He entered Jericho and was passing through it. A man was there named Zacchaeus; he was a chief tax collector and was rich. He was trying to see who Jesus was, but on account of the crowd he could not, because he was short in stature. So he ran ahead and climbed a sycamore tree to see him, because he was going to pass that way. When Jesus came to the place, he looked up and said to him, "Zacchaeus, hurry and come down; for I must stay at your house today." So he hurried down and was happy to welcome him. All who saw it began to grumble and said, "He has gone to be the guest of one who is a sinner." Zacchaeus stood there and said to the Lord, "Look, half of my possessions, Lord, I will give to the poor; and if I have defrauded anyone of anything, I will pay back four times as much."Then Jesus said to him, "Today salvation has come to this house, because he too is a son of Abraham. For the Son of Man came to seek out and to save the lost." Luke 19:1-10
On This Week's Prompts for Meditation
People love to hate a rich man but revile even more a generous fool. If Zacchaeus ever cared what people thought about him he could not have got wealthy, climbed a tree, or paid restitution for fraud. The name Zacchaeus means “pure”. Despite a life of corruption, something in him remained pure in his deepest heart, making him ripe for plucking when Jesus encountered Zacchaeus in the sycamor tree. Blessed are the pure in heart, for they shall see God. Or be seen by God.
Was there ever a faster conversion? Even Scrooge had to endure a night of hauntings before he turned. Zacchaeus, come down! I'm staying at your house! And how swiftly he ran, observes Augustine, to embrace the new life of salvation within his household (meditation one). For most of us, conversion involves suffering, detachment, purgation, painful self-knowledge, and radical change (meditation two). If love triumphs, however, the heart laughs in peace.
Joyfully yours, Suzanne
Meditation One (introit) lo, how swiftly he runs
Oh! but he was a tight-fisted hand at the grindstone, Scrooge! a squeezing, wrenching, grasping, scraping, clutching, covetous old sinner! Hard and sharp as flint, from which no steel had ever struck out generous fire, secret, and self-contained, and solitary as an oyster. -Charles Dickens 1812-1870 A Christmas Carol Had Zacchaeus what he had from good sources? Read and see. He was the chief of the publicans, that is, he was one to whom the public taxes were paid in: by this he had his wealth. He had oppressed many, had taken from many, and so had heaped much together. Christ entered into his house, and salvation came upon his house; for so said the Lord Himself, This day is salvation come to this house. Now mark the method of this salvation. First he was longing to see the Lord, because he was little in stature: but when the crowd hindered him, he got up into a sycamore tree, and saw Him as He passed by. But Jesus saw him, and said, Zacchaeus, come down, I must abide at your house. You are hanging there, but I will not keep you in suspense. I will not, that is, put you off. You wished to see Me as I passed by, today shall you find Me dwelling at your house. So the Lord went in unto him, and he, filled with joy, said, The half of my goods I give to the poor. Lo, how swiftly he runs, who runs to make friends of the mammon of iniquity. -Augustine of Hippo 354-430 Sermon 63, Make to yourselves friends by means of the mammon of unrighteousness (Luke 16:9)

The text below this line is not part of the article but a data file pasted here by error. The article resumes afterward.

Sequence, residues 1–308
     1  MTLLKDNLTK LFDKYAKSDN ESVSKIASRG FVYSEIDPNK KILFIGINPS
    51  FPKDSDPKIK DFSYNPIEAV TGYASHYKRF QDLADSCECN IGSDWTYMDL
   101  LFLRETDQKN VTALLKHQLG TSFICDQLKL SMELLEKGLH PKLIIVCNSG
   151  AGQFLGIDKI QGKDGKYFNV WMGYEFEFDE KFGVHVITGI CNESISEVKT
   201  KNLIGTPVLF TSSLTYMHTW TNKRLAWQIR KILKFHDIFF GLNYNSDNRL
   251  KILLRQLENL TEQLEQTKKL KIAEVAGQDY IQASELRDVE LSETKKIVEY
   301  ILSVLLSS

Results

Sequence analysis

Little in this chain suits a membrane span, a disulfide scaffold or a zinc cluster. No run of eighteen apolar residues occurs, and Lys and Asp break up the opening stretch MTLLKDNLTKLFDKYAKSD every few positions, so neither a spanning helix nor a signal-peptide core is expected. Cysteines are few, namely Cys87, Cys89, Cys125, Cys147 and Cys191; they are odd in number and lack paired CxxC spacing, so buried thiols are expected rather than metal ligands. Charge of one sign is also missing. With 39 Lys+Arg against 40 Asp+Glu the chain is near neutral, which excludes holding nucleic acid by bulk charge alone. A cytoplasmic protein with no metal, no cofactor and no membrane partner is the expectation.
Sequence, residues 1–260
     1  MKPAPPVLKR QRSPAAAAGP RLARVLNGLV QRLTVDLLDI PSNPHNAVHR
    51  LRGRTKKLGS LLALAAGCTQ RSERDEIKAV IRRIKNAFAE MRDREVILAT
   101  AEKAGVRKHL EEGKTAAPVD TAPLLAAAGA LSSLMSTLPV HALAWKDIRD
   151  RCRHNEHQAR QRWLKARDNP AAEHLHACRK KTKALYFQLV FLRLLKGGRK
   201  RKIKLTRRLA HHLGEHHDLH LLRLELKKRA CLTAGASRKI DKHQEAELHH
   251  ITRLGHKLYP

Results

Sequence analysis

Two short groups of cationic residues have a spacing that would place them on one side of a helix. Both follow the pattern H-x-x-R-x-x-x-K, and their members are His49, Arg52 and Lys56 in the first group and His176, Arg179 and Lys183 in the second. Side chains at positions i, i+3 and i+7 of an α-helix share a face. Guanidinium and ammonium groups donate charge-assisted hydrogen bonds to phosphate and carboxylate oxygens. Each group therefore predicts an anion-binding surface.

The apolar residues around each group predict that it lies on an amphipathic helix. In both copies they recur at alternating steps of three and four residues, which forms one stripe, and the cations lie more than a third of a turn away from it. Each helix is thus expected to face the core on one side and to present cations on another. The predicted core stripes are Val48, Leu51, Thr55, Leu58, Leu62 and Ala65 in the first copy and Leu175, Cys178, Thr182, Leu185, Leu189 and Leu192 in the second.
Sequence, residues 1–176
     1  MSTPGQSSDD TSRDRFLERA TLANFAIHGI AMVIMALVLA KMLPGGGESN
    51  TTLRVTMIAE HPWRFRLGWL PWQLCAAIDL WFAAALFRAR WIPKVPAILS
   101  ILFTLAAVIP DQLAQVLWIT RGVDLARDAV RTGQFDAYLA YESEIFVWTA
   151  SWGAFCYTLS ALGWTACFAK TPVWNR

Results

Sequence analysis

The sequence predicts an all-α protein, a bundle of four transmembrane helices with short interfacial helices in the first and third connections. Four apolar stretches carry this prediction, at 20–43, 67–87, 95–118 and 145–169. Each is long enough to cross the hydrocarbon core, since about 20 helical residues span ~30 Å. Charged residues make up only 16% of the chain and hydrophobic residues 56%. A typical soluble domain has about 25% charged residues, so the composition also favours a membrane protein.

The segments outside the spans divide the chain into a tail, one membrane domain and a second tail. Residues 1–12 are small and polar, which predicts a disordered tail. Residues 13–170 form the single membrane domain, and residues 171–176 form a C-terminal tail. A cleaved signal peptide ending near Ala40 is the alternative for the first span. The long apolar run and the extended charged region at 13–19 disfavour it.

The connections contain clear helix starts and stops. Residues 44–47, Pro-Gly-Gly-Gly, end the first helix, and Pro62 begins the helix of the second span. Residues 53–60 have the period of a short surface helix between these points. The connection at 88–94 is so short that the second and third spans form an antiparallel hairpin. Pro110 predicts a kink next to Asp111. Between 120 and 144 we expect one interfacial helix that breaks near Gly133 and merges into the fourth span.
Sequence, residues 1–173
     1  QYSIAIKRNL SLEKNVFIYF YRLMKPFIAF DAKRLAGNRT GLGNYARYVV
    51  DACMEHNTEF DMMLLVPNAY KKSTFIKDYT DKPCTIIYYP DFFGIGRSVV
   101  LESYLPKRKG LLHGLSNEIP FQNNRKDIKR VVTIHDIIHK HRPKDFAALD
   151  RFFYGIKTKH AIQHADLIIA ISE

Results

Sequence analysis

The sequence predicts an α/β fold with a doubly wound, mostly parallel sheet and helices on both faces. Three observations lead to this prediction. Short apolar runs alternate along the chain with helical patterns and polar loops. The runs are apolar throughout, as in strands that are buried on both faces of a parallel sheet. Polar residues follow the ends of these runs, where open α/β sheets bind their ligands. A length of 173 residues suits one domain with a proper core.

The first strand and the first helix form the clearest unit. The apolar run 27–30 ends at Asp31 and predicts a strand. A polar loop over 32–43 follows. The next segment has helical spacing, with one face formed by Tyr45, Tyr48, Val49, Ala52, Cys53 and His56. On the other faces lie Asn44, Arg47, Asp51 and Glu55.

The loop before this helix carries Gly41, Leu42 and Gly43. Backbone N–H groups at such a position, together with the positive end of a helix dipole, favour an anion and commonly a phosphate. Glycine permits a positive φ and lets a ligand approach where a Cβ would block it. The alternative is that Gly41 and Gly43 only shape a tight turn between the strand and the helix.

Detail, Entry into Jerusalem, Duccio, 1308-11
When the Memorial Church moved farther out the Frederick Road to a new site, they cut the altar rail where I knelt and was converted and made it into a prayer desk with an inscription on it: “At this spot Stanley Jones knelt and gave himself to Christ,” and invited others to do the same. Tradition says the Zacchaeus used to go and water the sycamore tree in which he first met the Lord. I can understand that; I go periodically to that spot and water it with my tears of gratitude, for there “I first saw the light, and the burden of my heart rolled away.”
-E. Stanley Jones A Song of Ascents: A Spiritual Autobiography quoted from Finding God: A Treasury of Conversion Stories ec. John M. Mulder
Though He has frequently entered into my soul, I have never at any time been sensible of the precise moment of His coming. I have felt that He was present, I remember that He has been with me; I have sometimes been able even to have a presentiment that He would come: but never to feel His coming nor His departure... It is not by the eyes that He enters, for He is without form or colour that they can discern; nor by the ears, for His coming is without sound; nor by the nostrils, for it is not with the air but with the mind that He is blended... By what avenue then has He entered? Or perhaps that fact may be that He has not entered at all, nor indeed come at all from outside: for not one of these things belongs to outside. Yet is has not come from within me, for it is good, and I know that in me dwelleth no good thing. I have ascended higher than myself, and lo! I have found the Word above me still. My curiosity has led me to descend below myself also, and yet I have found Him still at a lower depth. If I have looked without myself, I have found that He is beyond that which is outside of me; and if within, He was at an inner depth still.
-Bernard of Clairvaux “Cantica Canticorum,” Sermon lxxiv quoted from Mysticsm / Evelyn Underhill
Detail, Entry into Jerusalem, Unknown German Master, The Osnabruck Altarpiece, 1370's
Detail, Jesus' Entry into Jerusalem, Giotto, Scenes from the Life of Christ, 1304
Meditation Two (insight) true condition